A new player, on the other hand, doesn't anticipate some of those thing an old player takes for granted. My fiance hated starting a gnome mage, because she had no survability. The contant death frustrated her. I had no problem playing a new warlock parallel to her, because, while it is not a super familiar class for me, I have 5 years of MMO (esp. WoW) experience under my belt.

  6. @Rowan - hehe well you may have noticed I didn't mention mages in my comment about never worrying about dying.. :) I actually think mages do still have survivability problems, especially at the very low levels, and especially if you're coming from another class. I know hardened mmo vets who pick up a mage after playing anything else for awhile and are all "what? I died?".

    So wrt to the very new player experience, I completely agree I'm not indicative of a new player. But the experience I'm actually thinking about is the mid-level. Once you get past level 20 say, and you've perhaps grasped the essential mechanics of the game. Well from there to the long expanse of reaching 80, the basic action of killing a mob just feels too easy.

    Right now, my rogue is level 58. She has like 26 abilities on her bar, spread across two modes - steath and normal. She has this wealth of power at her disposal. But when I approach a mob of my level, I press exactly 3 buttons (stealth as I approach, ambush, and hemorrage) and the mobs is dead. I can't even get a finisher off. I can't practice, or learn, or evne play with anything resembling a rotation order because the mob is dead two abilities in.

    And this is without any heirloom equipment, just straight up quest greens.

    That experience, I think they could fix. I shouldn't have to go seek out elite mobs in dungeons just for the opportunity to use some of the abilities on my bar, ya know? :)

  7. As I look at my shelf full of MMOs that I've played. Fewer than 40% of them I played beyond the initial 30 days. All the ones that lasted beyond the included gametime have one thing in common, I stumbled or was recruited into a guild, fellowship, or group etc.. I always thought I was a solo player till my recent self discovery. Some of my best memories in games involve horrendous wipes more often than not caused by me. The right group can might watching paint dry fun. How does one program in the "right" group though?

  8. @Eris- you said - "Your points are all terrific, but I kind of think Blizzard has given up on WoW beyond the point of keeping a steady income from the consistent players."

    Not to put too fine a point on it, but I am a game developer (senior Artist at terminal reality) and I have several friends on the wow team. I promise you that nobody on a game team deliberately sets out, nor wants to put out a sub par product for any reason.. as a dev you spend a large part of your life building assets and making them work.. and blizzard doesnt hire a friend of mine said "None of these guys are robots, none of these guys want to screw users. They want people to love their game, like any artist wants someone to enjoy their art."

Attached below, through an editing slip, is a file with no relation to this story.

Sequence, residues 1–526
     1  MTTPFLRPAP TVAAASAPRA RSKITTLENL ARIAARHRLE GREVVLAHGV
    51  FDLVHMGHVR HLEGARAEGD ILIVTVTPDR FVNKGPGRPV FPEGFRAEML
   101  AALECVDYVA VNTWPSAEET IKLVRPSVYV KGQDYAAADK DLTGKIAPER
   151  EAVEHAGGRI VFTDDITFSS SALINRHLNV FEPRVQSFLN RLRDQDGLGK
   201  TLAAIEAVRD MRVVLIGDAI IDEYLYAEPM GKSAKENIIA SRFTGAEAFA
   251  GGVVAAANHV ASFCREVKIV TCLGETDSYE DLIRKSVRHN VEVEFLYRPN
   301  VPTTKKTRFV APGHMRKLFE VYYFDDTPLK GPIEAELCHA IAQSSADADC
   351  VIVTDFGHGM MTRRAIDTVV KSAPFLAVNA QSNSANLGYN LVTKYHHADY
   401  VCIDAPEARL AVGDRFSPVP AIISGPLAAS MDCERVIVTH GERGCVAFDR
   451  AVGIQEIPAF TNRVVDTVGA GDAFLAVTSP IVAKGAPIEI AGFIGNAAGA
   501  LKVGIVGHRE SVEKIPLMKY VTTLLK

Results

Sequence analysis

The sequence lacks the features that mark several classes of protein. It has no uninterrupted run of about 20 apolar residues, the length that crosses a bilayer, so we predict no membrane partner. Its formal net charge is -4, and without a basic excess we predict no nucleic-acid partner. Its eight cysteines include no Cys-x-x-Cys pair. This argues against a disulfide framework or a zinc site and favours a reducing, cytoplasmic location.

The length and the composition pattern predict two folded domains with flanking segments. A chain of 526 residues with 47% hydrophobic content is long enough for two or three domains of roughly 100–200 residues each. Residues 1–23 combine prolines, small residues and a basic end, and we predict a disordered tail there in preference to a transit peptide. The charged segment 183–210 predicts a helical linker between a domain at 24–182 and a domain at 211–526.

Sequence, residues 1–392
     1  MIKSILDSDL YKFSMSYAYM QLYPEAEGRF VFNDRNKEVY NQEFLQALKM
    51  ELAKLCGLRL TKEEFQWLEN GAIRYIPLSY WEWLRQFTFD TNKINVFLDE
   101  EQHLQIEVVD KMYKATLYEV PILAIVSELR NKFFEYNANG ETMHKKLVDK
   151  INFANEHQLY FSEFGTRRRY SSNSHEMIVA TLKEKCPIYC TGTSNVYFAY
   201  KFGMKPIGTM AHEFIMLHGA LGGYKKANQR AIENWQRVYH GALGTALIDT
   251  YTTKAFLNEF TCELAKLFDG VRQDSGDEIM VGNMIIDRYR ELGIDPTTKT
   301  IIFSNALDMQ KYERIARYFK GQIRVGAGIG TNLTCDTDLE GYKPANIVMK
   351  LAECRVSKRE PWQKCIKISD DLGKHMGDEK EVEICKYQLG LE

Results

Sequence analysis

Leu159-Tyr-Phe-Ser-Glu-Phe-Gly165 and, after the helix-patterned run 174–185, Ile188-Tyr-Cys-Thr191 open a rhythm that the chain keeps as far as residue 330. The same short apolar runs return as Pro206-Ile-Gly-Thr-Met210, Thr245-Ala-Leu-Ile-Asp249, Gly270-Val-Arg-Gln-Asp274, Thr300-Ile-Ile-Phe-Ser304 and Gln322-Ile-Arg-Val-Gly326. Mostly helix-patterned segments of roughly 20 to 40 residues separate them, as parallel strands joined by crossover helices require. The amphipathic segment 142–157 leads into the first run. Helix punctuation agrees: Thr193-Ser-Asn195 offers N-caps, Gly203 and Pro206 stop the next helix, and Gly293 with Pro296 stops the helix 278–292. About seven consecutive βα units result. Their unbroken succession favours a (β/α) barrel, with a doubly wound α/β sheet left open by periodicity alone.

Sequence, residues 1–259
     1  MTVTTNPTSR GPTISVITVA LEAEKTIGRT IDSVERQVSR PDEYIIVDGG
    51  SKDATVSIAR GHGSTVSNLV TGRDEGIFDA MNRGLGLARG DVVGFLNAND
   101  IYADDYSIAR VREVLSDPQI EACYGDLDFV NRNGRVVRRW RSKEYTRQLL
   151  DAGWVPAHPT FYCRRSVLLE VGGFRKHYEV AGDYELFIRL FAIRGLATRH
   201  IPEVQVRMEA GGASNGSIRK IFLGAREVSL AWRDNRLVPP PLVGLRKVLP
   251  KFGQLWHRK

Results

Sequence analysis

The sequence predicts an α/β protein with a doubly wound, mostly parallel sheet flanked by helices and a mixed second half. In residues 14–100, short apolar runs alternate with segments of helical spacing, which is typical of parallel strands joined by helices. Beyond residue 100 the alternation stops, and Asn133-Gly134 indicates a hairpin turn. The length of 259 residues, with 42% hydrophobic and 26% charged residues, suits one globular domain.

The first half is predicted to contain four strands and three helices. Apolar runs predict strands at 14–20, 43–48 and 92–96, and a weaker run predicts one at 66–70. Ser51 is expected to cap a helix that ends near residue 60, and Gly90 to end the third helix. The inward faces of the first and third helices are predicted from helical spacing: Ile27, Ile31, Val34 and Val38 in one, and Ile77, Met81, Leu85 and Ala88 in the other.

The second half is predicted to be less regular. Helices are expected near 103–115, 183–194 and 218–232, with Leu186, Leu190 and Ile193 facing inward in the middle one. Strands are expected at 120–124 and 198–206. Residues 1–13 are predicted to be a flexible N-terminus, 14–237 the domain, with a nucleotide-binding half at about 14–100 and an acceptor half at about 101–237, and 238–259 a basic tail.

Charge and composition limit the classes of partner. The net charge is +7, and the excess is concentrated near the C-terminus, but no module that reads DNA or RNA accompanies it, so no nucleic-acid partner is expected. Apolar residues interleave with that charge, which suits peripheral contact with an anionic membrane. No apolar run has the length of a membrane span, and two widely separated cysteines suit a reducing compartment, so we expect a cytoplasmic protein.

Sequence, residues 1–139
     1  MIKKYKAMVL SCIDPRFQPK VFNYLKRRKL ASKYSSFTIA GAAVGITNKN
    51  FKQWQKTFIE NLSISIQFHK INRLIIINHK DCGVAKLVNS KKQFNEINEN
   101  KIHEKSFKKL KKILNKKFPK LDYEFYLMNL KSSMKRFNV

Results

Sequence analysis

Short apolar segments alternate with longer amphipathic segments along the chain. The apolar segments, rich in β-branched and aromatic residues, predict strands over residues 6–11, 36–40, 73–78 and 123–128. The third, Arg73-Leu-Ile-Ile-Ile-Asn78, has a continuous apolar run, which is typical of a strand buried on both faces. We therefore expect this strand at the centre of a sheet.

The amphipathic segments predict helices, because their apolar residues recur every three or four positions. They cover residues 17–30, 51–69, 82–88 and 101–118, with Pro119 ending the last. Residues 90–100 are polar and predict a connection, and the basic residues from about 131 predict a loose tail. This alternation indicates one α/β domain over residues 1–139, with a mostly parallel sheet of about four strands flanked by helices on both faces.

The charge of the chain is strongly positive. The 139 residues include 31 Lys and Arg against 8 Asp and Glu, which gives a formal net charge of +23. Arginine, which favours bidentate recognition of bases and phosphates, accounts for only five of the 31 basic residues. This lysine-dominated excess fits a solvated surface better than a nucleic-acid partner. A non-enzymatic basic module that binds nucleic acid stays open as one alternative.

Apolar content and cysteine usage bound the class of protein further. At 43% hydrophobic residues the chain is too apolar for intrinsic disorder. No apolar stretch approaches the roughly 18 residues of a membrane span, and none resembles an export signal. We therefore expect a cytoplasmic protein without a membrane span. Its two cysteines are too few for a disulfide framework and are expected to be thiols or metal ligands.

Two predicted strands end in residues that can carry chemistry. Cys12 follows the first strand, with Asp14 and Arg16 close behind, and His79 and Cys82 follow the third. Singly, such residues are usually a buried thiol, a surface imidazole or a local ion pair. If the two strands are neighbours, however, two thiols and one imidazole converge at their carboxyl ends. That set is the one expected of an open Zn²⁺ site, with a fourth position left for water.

9. @Paul and Dusty,

    I'm an artist in the field, too (tech artist at Wahoo/NinjaBee), and it's my experience that at some point, at some level, management makes decisions that we'd not make as artists. Yes, we want to do good work, but we're not always able to. Ditto for designers, from what I've seen. Business realities warp games sometimes, despite best intentions.

    Case in point, I believe the restrictions on the Starter accounts in WoW are largely there to keep gold selling down (and to prompt buying in, to be sure, but that's a lucky coincidence). They are a victim of their own success, in a way. I don't like the restrictions... at all. And yet, I can see the pragmatic reasoning behind them. They aren't good for the health of the game, I think, but they make sense given circumstances.

  10. One thing that has changed the game significantly are the random dungeon finder and all the portals. The RDF means that you never have to organize a group with either guildies or server-mates. The portals mean you don't have to be "inconvenienced" by traveling. For some level 85 players, the game has been reduced to standing around in Stormwind/Org waiting for their RDF queue to pop, or hitting a portal to hash out some dailies. There's no reason to go to any other city. The other capitol cities, as grand as they feel, are dead except for the random lowbies and bank alts.

    I remember a friend taking my newbie hunter to IF for the first time, and the feeling of awe at the sight of the massive city. It's still one of my favorite places, and it's sad that no one above level 58 - 60 has any reason to be there.